The Caretaker

Sadakat Kadri

Boris Johnson’s announcement that he would be stepping down as leader of the Conservative Party was characteristically combative. Extolling his own leadership, he didn’t even pretend to acknowledge his flaws. All he offered to explain his resignation was blame. A ‘herd mentality’ among ‘eccentric’ opponents in the party had made it inevitable.

The effort to duck responsibility isn’t entirely nonsensical. The colleagues who have spent years enabling Johnson’s mismanagement and duplicity deserve to share his discredit. But the distance that has belatedly separated him from his party arises from egotism, not principle, and it reflects the opportunism that has characterised his career. While he enjoys wielding power, he despises institutions designed to channel and control its exercise.

That dangerous dichotomy has informed Johnson’s policy choices from Brexit onwards. It’s the reason he was prepared to prorogue Parliament, for example, and it explains his contempt for legal limitations and ‘leftie lawyers’. The ludicrous suggestion that he continue as a ‘caretaker’ prime minister now threatens to do yet more damage. Johnson is no more likely to take care of his office than Donald Trump was in January 2021. It is incontrovertibly true – because fifty resignation letters say so – that he has lost the sense of political perspective that once made him so successful. The remorselessness on display outside 10 Downing Street yesterday compounds the implicit risk. Why shouldn’t he seek revenge? What’s to stop constitutional proprieties from being tested again – this time to breaking point?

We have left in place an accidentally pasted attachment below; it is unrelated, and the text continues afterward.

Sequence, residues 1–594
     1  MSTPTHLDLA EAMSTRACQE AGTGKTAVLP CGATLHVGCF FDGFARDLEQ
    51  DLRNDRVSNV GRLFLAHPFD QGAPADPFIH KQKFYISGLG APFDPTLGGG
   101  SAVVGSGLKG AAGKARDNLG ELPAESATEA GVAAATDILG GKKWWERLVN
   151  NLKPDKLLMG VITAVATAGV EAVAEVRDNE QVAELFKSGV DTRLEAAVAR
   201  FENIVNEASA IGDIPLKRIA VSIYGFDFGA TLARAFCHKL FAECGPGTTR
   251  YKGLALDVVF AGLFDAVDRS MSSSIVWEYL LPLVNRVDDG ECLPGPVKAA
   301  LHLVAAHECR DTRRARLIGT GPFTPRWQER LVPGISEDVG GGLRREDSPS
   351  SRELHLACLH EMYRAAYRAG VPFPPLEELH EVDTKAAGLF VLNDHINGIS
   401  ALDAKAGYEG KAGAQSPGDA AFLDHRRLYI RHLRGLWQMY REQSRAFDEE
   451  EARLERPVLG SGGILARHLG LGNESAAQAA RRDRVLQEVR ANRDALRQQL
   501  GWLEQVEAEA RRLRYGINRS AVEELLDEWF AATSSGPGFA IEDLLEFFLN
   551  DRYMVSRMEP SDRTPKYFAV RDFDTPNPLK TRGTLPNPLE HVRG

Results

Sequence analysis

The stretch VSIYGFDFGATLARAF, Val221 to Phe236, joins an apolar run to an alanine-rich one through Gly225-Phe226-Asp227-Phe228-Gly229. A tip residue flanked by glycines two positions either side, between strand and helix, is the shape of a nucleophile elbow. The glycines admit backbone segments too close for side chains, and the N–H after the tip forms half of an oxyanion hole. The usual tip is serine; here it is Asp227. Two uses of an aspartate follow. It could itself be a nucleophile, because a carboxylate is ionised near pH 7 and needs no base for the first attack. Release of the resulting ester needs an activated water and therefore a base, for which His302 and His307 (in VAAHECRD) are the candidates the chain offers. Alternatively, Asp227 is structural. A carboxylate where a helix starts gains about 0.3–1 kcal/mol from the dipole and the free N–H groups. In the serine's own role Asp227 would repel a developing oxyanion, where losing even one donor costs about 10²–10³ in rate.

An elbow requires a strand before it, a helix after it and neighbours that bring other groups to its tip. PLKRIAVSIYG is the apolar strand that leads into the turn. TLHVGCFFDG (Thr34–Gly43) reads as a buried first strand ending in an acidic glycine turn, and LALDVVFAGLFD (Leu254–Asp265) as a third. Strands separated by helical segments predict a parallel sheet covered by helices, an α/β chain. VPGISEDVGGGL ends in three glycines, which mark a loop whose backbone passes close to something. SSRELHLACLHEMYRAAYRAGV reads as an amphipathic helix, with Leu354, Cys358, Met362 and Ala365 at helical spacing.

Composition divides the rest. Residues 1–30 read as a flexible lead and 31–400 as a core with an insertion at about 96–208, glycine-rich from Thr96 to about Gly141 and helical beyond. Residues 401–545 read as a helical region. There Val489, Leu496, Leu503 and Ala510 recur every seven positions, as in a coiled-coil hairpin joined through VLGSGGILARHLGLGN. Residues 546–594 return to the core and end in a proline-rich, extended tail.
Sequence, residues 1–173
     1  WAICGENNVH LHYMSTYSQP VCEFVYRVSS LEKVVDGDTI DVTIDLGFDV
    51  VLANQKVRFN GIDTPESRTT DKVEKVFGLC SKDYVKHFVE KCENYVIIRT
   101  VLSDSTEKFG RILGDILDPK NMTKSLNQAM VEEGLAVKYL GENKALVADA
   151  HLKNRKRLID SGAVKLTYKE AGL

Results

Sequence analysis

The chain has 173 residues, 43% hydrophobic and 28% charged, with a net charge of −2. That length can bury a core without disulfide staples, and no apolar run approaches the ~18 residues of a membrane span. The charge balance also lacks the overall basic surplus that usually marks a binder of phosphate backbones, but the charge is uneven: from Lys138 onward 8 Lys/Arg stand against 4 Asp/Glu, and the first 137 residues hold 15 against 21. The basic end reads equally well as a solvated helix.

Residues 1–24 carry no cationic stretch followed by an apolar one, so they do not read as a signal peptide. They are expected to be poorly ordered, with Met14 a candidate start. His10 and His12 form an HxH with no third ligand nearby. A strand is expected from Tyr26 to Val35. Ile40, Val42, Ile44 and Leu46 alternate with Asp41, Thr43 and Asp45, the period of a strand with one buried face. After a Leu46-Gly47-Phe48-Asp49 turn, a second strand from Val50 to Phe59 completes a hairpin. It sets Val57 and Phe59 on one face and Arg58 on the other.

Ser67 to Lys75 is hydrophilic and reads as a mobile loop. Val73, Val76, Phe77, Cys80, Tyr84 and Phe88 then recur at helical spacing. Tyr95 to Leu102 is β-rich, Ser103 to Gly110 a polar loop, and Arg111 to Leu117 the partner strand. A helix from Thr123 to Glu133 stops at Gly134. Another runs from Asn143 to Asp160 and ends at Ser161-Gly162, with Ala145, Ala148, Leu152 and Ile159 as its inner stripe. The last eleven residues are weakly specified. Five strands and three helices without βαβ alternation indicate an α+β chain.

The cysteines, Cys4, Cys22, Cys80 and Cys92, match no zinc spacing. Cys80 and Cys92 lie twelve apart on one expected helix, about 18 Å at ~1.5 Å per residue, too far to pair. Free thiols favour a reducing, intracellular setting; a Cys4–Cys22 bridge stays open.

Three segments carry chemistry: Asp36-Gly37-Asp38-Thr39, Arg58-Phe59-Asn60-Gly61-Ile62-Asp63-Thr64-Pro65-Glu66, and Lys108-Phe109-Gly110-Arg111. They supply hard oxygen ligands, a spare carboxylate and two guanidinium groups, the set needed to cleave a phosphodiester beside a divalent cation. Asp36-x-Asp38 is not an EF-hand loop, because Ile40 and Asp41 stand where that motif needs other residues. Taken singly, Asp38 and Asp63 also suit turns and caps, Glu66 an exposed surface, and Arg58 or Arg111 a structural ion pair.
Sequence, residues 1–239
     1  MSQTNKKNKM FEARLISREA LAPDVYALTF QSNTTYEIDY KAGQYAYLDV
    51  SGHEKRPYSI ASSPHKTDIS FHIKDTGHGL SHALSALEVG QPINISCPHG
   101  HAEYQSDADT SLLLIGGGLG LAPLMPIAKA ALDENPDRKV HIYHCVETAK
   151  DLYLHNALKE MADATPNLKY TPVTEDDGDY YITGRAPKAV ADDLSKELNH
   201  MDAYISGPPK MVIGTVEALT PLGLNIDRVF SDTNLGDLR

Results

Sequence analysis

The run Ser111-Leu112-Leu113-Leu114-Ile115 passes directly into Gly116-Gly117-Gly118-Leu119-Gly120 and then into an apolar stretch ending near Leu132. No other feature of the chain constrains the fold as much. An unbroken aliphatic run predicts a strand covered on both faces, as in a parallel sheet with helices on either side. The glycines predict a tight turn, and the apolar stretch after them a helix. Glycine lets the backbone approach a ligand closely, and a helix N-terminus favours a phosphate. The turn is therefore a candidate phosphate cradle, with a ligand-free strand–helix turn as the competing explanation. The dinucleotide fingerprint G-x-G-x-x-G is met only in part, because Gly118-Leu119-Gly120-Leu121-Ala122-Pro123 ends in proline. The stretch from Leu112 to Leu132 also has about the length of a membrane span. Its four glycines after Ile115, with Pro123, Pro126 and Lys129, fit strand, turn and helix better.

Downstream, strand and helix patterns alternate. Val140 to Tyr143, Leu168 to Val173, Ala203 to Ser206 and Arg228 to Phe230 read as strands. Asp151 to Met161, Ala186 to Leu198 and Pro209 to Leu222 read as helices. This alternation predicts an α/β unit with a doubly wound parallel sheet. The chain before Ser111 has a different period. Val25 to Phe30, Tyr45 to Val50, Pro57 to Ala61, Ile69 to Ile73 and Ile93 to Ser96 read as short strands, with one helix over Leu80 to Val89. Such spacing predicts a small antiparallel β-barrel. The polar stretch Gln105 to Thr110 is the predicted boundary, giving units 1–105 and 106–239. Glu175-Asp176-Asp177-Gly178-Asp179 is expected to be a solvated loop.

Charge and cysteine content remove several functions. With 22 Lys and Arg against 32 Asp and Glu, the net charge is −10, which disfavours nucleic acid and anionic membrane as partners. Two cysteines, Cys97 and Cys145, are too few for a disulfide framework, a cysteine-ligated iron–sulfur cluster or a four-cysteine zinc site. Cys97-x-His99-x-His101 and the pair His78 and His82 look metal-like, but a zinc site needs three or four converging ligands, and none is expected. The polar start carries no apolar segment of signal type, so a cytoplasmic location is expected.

We’ll soon find out. The 1922 Committee could easily knock the caretaker fantasy on the head. If it doesn’t do so next week, the prime minister will be assured of one last wild summer. But whatever happens, he won’t be happy. As Rachel Johnson observed soon after her brother led the Conservative Party to its last election victory, he once hoped for greatness. ‘An abbreviated tenure in Downing Street’ would be a bad outcome for him, she wrote. ‘A win is being hailed as the next Churchill’ and ‘a ten-year term’.

Even then, however, the prime minister might have suspected the destruction to come. Though his boosterism is instinctive, he’s no more optimistic than he is idealistic – and the hunger for power comes with an awareness of its fragility. It’s well known that Johnson as a child used to fantasise about being ‘world king’, but his adult notions of kingship have a very dark downside. Reflecting on the downfall of another proven liar, the Tory MP Jonathan Aitken, he once observed that:

Politics is a constant repetition, in cycles of varying length, of one of the oldest myths in human culture, of how we make kings for our societies, and how after a while we kill them to achieve a kind of rebirth. Some are innocent [and] some are less innocent … It doesn’t really matter. They must die.

The idea that rulers sometimes serve their subjects as sacrifices originated more than a century ago (perhaps The Golden Bough is mandatory reading at Eton?), but it’s cutting-edge stuff by Johnsonian standards. Once he’s finally dragged off the political stage, it will probably be recycled in a hastily published memoir to explain his departure from office. There’ll be other melodramas to describe too – like Churchill, he’s being expelled into the political wilderness as war clouds loom – but it’s hard to imagine any better political obituary for our departing prime minister than his apology for Aitken. Ignoring questions of accountability and responsibility, it suggests that no one suffers more from power than those who wield it. In defeat, as far as Johnson is concerned, he has become the biggest victim of them all.